Miliband Pledges Limits on U.K. Banks to Boost Competition

A Labour government would limit the market share of banks in the U.K. by forcing them to sell branches to boost choice and increase lending to small businesses, opposition leader Ed Miliband said today.

The lack of competition is one of the main causes of poor service, a breakdown of trust, mis-selling and a drop in business lending, Miliband said in a speech in London.

“There can be no bigger test of whether we are serious about building a new economy and tackling the cost-of-living crisis than reforming Britain’s banks,” he said. “To really change our banking system, we have to get to the root of the decades-long problem in British banking: too much power concentrated in too few hands.”

While Britain’s recovery is strengthening amid a surging housing market, lending to small businesses is only starting to pick up after years of contraction in the wake of the financial crisis. Chancellor of the Exchequer George Osborne has said he wants to spur competition by making it easier for new banks to enter the industry.

Miliband proposed a U.S.-style system that prevents banks from getting too big and dominating the market. Labour would introduce a threshold for the market share of personal accounts and small-business lending that any one bank can control, and prevent mergers that would breach the limit, he said.

Branch Selloff

Miliband said he’d instruct the Competition and Markets Authority to report within six months of the election on how to create at least two “sizeable” banks to challenge the dominant lenders.

“We are not asking whether existing banks might have to divest themselves of a significant number of branches. We are asking how we make that happen,” he said. “After decades of banking becoming more and more concentrated, Labour will turn back the tide.”

With the election due in May 2015, Miliband is seeking to cast Labour as the champion of ordinary voters against big business. In September, he pledged to freeze energy prices for 20 months if he wins power. Recent opinion polls give Labour a lead of about 5 percentage points over Prime Minister David Cameron’s Conservatives.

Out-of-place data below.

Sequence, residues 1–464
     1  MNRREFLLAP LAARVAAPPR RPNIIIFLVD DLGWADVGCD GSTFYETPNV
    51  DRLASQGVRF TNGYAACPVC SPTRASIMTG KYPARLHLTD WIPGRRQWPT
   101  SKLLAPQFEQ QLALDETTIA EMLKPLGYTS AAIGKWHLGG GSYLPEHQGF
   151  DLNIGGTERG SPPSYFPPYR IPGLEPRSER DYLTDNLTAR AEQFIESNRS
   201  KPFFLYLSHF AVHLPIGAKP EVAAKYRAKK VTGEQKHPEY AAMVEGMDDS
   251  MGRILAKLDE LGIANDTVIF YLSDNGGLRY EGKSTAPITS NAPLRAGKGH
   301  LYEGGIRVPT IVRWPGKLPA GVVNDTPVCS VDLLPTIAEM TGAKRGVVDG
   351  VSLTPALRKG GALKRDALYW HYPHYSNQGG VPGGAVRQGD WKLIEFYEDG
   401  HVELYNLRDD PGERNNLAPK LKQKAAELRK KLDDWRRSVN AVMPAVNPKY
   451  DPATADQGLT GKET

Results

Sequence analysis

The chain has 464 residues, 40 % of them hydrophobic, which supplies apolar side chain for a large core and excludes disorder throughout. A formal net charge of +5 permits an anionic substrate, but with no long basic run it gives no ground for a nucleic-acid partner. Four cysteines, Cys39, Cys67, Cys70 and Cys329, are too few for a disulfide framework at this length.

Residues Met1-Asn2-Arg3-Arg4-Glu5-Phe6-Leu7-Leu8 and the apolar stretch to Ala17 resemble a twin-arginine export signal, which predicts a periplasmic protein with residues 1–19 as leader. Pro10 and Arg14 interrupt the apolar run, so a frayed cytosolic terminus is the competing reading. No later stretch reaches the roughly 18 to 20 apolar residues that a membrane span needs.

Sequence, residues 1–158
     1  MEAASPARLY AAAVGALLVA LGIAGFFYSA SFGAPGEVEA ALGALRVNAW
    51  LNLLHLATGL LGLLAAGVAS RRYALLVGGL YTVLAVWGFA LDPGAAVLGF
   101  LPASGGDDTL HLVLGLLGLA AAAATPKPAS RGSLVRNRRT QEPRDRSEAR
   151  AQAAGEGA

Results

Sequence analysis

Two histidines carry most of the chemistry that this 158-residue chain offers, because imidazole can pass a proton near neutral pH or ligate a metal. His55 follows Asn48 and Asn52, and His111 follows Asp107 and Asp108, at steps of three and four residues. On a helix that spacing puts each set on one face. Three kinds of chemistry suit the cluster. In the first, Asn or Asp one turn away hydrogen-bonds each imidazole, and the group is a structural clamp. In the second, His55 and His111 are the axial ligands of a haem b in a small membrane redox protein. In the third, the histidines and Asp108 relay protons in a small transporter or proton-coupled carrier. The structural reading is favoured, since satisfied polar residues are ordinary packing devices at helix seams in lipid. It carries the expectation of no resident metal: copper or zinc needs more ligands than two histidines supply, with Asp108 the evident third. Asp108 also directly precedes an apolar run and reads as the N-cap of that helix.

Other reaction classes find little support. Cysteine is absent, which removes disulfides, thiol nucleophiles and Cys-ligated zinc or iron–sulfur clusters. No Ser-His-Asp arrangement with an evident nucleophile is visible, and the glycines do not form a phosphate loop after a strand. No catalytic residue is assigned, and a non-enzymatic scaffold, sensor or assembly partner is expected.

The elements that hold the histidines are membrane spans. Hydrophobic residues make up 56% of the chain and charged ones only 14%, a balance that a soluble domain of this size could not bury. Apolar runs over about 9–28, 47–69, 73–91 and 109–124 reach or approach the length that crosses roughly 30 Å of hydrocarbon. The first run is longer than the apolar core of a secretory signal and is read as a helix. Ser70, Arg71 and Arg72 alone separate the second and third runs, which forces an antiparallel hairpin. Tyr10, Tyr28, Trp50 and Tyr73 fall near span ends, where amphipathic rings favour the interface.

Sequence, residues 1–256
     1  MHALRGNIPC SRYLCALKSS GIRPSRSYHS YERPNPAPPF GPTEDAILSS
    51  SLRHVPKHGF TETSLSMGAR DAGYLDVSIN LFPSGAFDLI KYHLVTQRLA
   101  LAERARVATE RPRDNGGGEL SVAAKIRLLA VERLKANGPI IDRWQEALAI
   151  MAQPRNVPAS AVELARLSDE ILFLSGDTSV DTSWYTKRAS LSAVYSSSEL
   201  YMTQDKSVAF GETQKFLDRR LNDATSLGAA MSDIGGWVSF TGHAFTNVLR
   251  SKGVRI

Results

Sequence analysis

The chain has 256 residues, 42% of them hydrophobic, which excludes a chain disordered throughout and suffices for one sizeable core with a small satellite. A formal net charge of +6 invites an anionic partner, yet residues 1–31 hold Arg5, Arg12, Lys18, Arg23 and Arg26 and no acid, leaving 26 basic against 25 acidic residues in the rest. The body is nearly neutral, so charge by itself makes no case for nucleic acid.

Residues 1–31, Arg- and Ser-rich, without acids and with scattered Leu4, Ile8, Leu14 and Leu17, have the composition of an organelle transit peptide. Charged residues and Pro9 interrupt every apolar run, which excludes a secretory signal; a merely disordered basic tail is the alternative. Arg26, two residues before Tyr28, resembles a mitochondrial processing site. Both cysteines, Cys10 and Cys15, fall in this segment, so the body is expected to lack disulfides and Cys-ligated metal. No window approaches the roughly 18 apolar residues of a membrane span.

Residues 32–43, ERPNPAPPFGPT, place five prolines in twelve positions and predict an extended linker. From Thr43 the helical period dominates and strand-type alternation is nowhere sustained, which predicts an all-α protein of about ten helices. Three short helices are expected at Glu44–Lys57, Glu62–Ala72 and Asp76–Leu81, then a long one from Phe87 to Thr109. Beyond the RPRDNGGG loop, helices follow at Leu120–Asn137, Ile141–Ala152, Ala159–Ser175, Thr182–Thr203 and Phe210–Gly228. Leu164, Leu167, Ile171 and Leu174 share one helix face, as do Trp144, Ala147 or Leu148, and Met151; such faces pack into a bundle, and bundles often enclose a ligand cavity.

Labour’s plans would mean breaking up state-controlled Lloyds Banking Group Plc and Royal Bank of Scotland Group Plc, potentially complicating the task of returning them to the private sector. The two banks together hold almost half of the U.K. checking-account market, based on Mintel International estimates. Miliband said that four banks in the U.K. control 85 percent of small business lending.

Carney Blow

The proposals received a blow this week when Bank of England Governor Mark Carney suggested that breaking up large banks did not always boost competitiveness. A U.S. rule limiting banks to a 10 percent share of deposits had not prevented the creation of “large, systemic financial institutions,” he told Parliament’s Treasury Committee. “You need to look at the entire business model and risk profile,” he said.

They also drew criticism from the British Bankers’ Association, which said today that small businesses would find it no easier to obtain finance.

“Capping the number of customers that the biggest banks are allowed to compete for will undermine the service that people receive,” BBA Chief Executive Officer Anthony Browne said in a statement. “Banks who are approaching their market cap would be stripped of incentives to invest and improve their services.”

Business Secretary Vince Cable, a Liberal Democrat, told BBC television that setting “arbitrary limits” was not the right way to tackle the over-concentration of business lending.

A Labour government would also introduce a National Credit Register for small and medium-sized businesses with the aim of improving lending by allowing all banks to access comprehensive data about a business’s credit history, Miliband said.

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